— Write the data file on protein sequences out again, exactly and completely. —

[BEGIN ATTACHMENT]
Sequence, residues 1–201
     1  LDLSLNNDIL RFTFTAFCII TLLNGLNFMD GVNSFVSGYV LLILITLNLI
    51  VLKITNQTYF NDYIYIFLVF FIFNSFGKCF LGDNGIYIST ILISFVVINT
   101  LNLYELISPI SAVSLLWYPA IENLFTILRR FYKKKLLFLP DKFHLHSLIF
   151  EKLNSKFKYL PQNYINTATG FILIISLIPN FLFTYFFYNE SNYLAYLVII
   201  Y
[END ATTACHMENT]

Sequence, residues 1–201
     1  LDLSLNNDIL RFTFTAFCII TLLNGLNFMD GVNSFVSGYV LLILITLNLI
    51  VLKITNQTYF NDYIYIFLVF FIFNSFGKCF LGDNGIYIST ILISFVVINT
   101  LNLYELISPI SAVSLLWYPA IENLFTILRR FYKKKLLFLP DKFHLHSLIF
   151  EKLNSKFKYL PQNYINTATG FILIISLIPN FLFTYFFYNE SNYLAYLVII
   201  Y